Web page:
Northumberland patient, 83, who went without help washing for five days among complaints in national report

The experience of an 83-year-old patient in Northumberland, who was not helped to wash for five days, is included in a new national report on hospital complaints.

Friday, 24th January 2020, 1:06 pm
Updated Tuesday, 28th January 2020, 12:33 am
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Hospitals need to do more to show patients how the NHS is learning from mistakes, according to Sir Robert Francis QC, the chairman of Healthwatch England, the independent champion for people who use health and social care services.

Sir Robert previously headed up the Francis Inquiry into the failings in care at Mid Staffordshire NHS Foundation Trust and says that while there has been some positive change since then to improve openness and transparency, when it comes to complaints, many hospitals are too focused on process rather than demonstrating how they’ve listened.

A review of NHS trust complaints reporting for 2018 has revealed that just 16% of hospitals published stand-alone complaints reports which the current regulations require them to produce.

Healthwatch England’s review took other sources of reporting into account, including annual reports and quality accounts, but based on this publicly available information, only 12% of trusts could be considered to be fully compliant with the regulations.

The report, Shifting the mindset – a closer look at hospital complaints, includes the following personal story shared with Healthwatch Northumberland, outlining that ‘people need to feel confident that their voice will be heard’.

‘An 83-year-old woman called to share her concerns about the care she had received at her local hospital.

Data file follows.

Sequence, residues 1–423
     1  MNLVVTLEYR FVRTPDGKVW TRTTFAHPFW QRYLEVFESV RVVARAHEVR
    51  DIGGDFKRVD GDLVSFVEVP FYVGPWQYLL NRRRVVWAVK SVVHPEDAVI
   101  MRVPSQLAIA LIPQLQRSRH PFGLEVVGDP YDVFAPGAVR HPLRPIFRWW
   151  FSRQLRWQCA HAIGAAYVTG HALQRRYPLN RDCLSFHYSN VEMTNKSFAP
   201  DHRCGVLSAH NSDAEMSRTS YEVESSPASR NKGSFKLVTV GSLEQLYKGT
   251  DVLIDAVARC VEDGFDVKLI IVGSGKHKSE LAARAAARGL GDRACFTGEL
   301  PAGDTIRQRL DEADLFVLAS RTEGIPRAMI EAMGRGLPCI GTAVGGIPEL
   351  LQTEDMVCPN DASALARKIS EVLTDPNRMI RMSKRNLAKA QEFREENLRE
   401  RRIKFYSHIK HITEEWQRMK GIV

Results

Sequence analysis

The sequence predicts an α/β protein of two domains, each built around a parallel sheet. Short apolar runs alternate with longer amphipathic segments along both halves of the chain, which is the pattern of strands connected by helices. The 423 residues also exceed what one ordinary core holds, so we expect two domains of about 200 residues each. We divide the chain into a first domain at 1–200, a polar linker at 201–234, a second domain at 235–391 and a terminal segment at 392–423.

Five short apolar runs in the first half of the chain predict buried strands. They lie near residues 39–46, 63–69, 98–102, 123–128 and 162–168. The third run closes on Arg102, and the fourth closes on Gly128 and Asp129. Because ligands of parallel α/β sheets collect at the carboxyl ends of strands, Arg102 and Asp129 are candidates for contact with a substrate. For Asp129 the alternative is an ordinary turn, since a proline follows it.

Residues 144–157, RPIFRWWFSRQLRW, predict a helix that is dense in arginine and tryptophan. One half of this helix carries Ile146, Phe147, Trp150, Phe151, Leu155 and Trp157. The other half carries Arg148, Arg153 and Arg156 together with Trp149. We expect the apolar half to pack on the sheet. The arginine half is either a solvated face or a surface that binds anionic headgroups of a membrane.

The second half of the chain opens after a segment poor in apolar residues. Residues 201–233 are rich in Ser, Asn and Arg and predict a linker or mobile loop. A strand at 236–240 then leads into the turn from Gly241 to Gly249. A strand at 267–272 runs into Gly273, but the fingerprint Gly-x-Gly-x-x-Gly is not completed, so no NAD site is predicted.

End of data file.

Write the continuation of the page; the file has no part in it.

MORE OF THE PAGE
‘She told us that she was not helped to wash for five days and that her discharge from hospital was significantly delayed because no one was available to escort her to a simple pre-discharge check.

‘The caller said: “Everyone was too busy. Nobody had the time to coordinate my care. I don’t want to complain formally – just to tell someone, so this does not happen to anyone else”.’

Sir Robert said: “Hospitals and national health organisations need to demonstrate greater leadership and show how they are learning from incidents. Without this, we cannot hope for people to feel their feedback is valued and acted upon.

“I shall be writing to every trust in the country about this report and the need for leaders to shift their focus from counting the number of complaints, to reporting on the people behind them and the actions they are taking to improve services.

“By sharing learning locally and empowering people to speak up about the changes that they’d like to see, we can improve care for everyone. This is integral to the success of our health and social care system as a whole.”

The full report by Healthwatch England is available here –